Add <PrismicProvider> and <PrismicPreview>

<PrismicProvider> and <PrismicPreview> are components that wrap your entire app in /pages/_app.js. <PrismicProvider> provides Prismic utilities and settings. <PrismicPreview> enables previewing. Add them to your app like this:

pages/_app.js
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import Link from 'next/link'
import { PrismicProvider } from '@prismicio/react'
import { PrismicPreview } from '@prismicio/next'
import { repositoryName } from '../prismicio'

export default function App({ Component, pageProps }) {
  return (
    <PrismicProvider internalLinkComponent={(props) => <Link {...props} />}>
      <PrismicPreview repositoryName={repositoryName}>
        <Component {...pageProps} />
      </PrismicPreview>
    </PrismicProvider>
  )
}

The internalLinkComponent prop specifies what component to use for internal links. This code snippet passes a Next.js link component.

You now have Prismic utilities available throughout your project, and your project is set up to handle previews (which you will finish configuring in a later step).

Now you can start creating Slices and Custom Types to model your project.

Create Slice Simulator page

Prismic provides an environment to simulate your Slices in development. This environment is generated by a page component located at /slice-simulator.

In your pages directory, create a file called slice-simulator.jsx. Inside, paste in this code:

pages/slice-simulator.js
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import { SliceSimulator } from '@prismicio/slice-simulator-react'
import { SliceZone } from '@prismicio/react'

import { components } from '../slices'
import state from '../.slicemachine/libraries-state.json'

const SliceSimulatorPage = () => {
  return (
    <SliceSimulator
      sliceZone={({ slices }) => (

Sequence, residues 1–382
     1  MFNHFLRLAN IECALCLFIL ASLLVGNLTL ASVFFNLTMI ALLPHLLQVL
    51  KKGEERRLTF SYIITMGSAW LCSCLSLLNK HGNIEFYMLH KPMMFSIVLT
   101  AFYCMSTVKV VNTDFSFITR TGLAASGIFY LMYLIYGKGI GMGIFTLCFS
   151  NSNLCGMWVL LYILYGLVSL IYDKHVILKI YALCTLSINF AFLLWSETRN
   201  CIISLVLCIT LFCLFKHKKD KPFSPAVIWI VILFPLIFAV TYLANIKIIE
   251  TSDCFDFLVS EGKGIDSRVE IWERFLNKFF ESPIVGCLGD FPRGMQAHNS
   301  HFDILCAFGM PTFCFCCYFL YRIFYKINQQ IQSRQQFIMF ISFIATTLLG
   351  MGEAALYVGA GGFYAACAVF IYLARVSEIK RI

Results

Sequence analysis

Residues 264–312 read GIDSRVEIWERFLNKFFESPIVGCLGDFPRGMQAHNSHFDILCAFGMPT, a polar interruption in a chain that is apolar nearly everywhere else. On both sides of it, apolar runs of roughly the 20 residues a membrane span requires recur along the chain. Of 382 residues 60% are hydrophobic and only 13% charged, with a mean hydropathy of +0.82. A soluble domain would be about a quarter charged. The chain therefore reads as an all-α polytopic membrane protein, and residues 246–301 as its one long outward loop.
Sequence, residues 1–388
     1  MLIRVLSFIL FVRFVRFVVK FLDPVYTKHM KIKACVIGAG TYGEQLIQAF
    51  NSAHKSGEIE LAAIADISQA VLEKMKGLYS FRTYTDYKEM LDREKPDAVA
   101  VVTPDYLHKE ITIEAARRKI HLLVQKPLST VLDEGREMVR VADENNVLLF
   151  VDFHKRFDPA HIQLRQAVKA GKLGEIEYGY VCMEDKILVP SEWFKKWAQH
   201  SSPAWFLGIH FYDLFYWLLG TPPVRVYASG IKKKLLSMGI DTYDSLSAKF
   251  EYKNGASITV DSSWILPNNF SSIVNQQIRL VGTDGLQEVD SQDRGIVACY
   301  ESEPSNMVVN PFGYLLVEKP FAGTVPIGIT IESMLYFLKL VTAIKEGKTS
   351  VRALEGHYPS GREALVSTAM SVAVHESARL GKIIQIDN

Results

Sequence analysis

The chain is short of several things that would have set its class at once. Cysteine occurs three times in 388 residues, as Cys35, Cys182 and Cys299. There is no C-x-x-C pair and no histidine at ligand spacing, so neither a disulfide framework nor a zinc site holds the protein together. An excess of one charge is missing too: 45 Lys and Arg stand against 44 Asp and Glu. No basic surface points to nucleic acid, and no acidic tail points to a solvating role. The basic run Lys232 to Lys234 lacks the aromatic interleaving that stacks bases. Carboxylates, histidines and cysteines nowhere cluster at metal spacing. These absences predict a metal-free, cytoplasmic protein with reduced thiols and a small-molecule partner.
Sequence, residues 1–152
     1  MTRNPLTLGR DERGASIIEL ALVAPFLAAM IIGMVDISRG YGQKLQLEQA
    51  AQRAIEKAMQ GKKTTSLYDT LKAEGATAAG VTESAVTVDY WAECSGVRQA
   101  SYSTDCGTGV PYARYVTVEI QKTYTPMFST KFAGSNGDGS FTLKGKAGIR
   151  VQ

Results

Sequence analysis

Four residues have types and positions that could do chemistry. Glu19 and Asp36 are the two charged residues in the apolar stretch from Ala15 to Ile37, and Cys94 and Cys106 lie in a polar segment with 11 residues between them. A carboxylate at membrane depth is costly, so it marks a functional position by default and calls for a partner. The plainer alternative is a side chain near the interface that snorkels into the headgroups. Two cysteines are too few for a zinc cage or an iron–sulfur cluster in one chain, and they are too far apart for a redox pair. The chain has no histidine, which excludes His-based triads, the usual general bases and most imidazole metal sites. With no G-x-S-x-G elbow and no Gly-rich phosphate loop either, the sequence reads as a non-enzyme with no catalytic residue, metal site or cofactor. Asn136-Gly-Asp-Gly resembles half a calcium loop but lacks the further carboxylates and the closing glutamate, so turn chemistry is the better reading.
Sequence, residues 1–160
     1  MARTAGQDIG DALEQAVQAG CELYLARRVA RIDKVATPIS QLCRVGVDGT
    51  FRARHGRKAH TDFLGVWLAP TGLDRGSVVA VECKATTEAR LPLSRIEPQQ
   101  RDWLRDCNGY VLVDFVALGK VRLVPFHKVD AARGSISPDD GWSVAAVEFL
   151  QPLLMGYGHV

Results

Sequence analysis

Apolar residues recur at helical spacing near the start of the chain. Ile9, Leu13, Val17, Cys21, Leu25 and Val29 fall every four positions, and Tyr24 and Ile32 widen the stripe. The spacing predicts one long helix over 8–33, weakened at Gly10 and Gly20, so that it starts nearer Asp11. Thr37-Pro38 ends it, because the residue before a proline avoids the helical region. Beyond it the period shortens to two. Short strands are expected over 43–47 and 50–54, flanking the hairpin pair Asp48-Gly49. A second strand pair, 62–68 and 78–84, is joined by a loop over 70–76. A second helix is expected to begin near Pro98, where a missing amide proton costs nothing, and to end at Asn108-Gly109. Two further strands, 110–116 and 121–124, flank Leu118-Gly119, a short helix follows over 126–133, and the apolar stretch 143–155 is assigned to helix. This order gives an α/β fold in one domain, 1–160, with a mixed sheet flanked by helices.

<SliceZone slices={slices} components={components} />
      )}
      state={state}
    />
  )
}

export default SliceSimulatorPage

Then, open sm.json (at the root of your project), and add a property for the Slice Simulator URL:

sm.json
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"localSliceSimulatorURL": "http://localhost:3000/slice-simulator",

Ensure that the port (in this case 3000) matches the port that you run your application on in development.

Further learning: What is the Slice Simulator?

The Slice Simulator is a mini-app that simulates what your Slices will look like in production, using mock data. The Slice Simulator uses an iframe, which runs locally, to simulate your Slices. The mock data is provided by Slice Machine and is customizable (see What Is Slice Machine? for more information).

The Slice Simulator allows you to preview what your Slices will look like in production, saving you development time. The Slice Simulator also allows Slice Machine to take screenshots of your Slices, which it sends to Prismic. Prismic uses the screenshots as labels for your Slices in the editor, so your content team can see exactly what the Slice will look like when they add it to a document.

Storybook?

Slice Machine still generates Storybook stories for you in your project, learn how to configure Storybook for your Next.js project here.